# The problem with 8^8 (or "Just Checking Your Math On That")

*Disclaimer: I feel pretty confident about the numbers but I am by no means a
mathematician and I might have gotten something wrong. If I did, please let me
know at my gmail address rikard.hjort*

This new thing is going viral! It’s called 8^8 and it’s a pretty rad idea. Basically, they ask you eight multiple choice questions with eight possible answers to each, which arguably puts you on an 8-dimensional scale of personality. If anyone else gives the exact same answer to every question, you get an email and you are considered “matched with that person”.

The pitch is “Find you soulmate!” which might be a bit over the top, but I get that you want to create a hype. I’m mostly curious to find out what the kind of person that answered the same as me on all those questions is like.

Given the fact that I generally tend to dislike people who are very much like me (very talkative, a bit naïve, among other things – an ENTP on the Myers-Briggs-scale, if that interests you) I don’t think I’d hit it off with that person. But given that there are 8^8, or 16,777,216, different ways to answer that questionnaire, I’m very curious to find out who my match might be. It should be a learning experience.

## The Math

When I shared the link on Facebook my friend pointed out an interesting thing. At the bottom of the page, they have a footer. At the time of this writing, here’s what it looks like:

**He said that didn’t seem very promising. I thought it seemed very unlikely.**

I thought about it and realized why I thought this was off: It’s very much like “The Birthday Problem”, sometimes referred to as “The Birthday Paradox” since the result is counter intuitive. It basically says: “If there are more than 23 people in a room, there’s a higher than 50 % chance that two or more of them have the same birthday.”

So I figured I’d run the numbers and, like I thought, something was off. Unlike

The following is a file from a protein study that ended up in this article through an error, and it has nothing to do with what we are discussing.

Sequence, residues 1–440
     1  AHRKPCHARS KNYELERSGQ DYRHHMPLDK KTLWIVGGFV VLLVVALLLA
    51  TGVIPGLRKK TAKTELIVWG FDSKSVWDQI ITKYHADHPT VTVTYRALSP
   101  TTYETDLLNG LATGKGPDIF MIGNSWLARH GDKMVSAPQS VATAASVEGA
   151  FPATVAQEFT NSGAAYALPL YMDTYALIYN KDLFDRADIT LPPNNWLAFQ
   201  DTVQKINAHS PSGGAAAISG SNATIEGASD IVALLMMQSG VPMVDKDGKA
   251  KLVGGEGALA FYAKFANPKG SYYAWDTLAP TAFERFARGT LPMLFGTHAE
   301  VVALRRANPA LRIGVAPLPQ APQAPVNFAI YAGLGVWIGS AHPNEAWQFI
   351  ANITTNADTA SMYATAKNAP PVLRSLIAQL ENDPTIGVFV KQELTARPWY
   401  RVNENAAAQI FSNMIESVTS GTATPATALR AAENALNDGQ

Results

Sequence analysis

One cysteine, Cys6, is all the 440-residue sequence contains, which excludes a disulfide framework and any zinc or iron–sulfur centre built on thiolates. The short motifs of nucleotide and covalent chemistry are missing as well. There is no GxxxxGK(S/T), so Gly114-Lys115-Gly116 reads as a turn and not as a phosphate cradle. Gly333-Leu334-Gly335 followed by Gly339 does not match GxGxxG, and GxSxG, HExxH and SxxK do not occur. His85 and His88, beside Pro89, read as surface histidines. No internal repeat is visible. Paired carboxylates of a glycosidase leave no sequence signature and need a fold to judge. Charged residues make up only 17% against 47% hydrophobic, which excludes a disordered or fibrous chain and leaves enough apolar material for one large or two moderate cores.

Zuckerberg in that clip, I did not get the same thing, which is *not* that
strange. This isn’t basic arithemtic and the results aren’t obvious. I had to
use a good deal of googling and Wolfram Alpha.

Anyway, here is the full email I sent to the kind people at uuave who created the site.

(I don’t go in to the details of there being some configurations that are more likely than others. For example, the combination of “Learning how to manage and lead teams” and “Talent and charisma” on two of the questions might be more likely than the former combined with going to parties and staying “As far as possible, stick to people you know and get along with”. I just assume every combination is equally likely, which should be pretty close to the truth.)

Hey guys! Cool site. Tried out the test today, and looking forward to see if I get a match.

Just a tiny thing. My friend pointed out your meter in the footer. Right now it says:

56,156 TESTS 0 MATCHES

So, that’s weird, right? Is your matches counter not updating?

Basically what you have here is the Birthday Problem: if n people gather in a room, what are the chances that at least two of them share a birthday, if birthdays are evenly distributed throughout the year?

Only in your case, it’s not 365 ”days”, it’s 16,777,216.

I might be missing something here, but that should give us a probability of at least two people matching thus far at a whooping 99.99999999999999999999999999999999999999715018232799 percent.

So, I figure something might be off. Just wanted to let you guys know.